It seems simple enough to buy a mirror and pop it on the wall, however, there are actually quite a few style considerations to take into account. For example, mirrors without frames appear more slick, which is a great look for a contemporary city apartment but not quite right for a traditional country home. On the other hand, ornately framed mirrors can become decorative objects in themselves so unless you have a clear idea of the mood you are trying to create, you can end up with a mirror dominating rather than enhancing a scheme.
In the above photos, we have used mirrors as decorative objects to create focal points in each space. I love sunburst mirrors but be sure to get the scale right! Larger spaces can handle a more dramatic statement, while smaller mirrors can create beautiful compositions when paired with furniture and other decorations. The eye is always looking for contrast - which is why mirrors which are oval or round in shape seem so visually appealing when viewed amongst all the straight lines in a room.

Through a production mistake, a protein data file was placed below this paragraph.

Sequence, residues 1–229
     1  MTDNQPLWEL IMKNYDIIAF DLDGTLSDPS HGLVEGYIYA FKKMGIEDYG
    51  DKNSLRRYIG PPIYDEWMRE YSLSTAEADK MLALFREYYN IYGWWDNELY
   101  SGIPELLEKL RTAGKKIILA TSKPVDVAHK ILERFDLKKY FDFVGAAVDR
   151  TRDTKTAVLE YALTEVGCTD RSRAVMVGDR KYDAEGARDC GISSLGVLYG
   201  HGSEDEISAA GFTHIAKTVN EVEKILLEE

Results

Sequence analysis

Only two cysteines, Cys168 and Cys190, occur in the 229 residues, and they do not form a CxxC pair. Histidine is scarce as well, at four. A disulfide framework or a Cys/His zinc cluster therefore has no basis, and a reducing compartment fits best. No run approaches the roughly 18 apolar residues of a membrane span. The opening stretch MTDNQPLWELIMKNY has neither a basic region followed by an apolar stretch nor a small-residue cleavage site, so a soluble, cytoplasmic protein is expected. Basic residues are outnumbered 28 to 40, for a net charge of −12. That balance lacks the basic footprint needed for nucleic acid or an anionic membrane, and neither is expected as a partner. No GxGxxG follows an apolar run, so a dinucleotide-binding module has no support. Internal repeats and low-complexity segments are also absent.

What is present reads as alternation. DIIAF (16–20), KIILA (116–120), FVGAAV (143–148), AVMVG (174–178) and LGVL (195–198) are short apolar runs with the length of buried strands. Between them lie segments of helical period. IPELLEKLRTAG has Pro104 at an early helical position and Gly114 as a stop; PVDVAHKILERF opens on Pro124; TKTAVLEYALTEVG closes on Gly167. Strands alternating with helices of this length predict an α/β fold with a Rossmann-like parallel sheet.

Bear in mind that mirrors don't only have to go on walls. Mirrored surfaces on console tables, side tables and cabinetry bring a touch of elegance to a room. The key here is to pay attention to the edging - polished or bevelled edges appear cool and contemporary while gilt edges inject a touch of warmth.
In my own home, I've used mirrors quite informally in our entrance hall and in our sitting room by leaning them against the wall rather than hanging them. Our home is a converted barn so the high ceilings can make the space feel quite lofty and I find that in this scenario mirrors can act as an anchor. I especially love playing around with different combinations of objects on the console table on the hallway - plants and flowers look especially abundant when reflected. That's all for this week but please do keep in touch with me on Twitter or Instagram.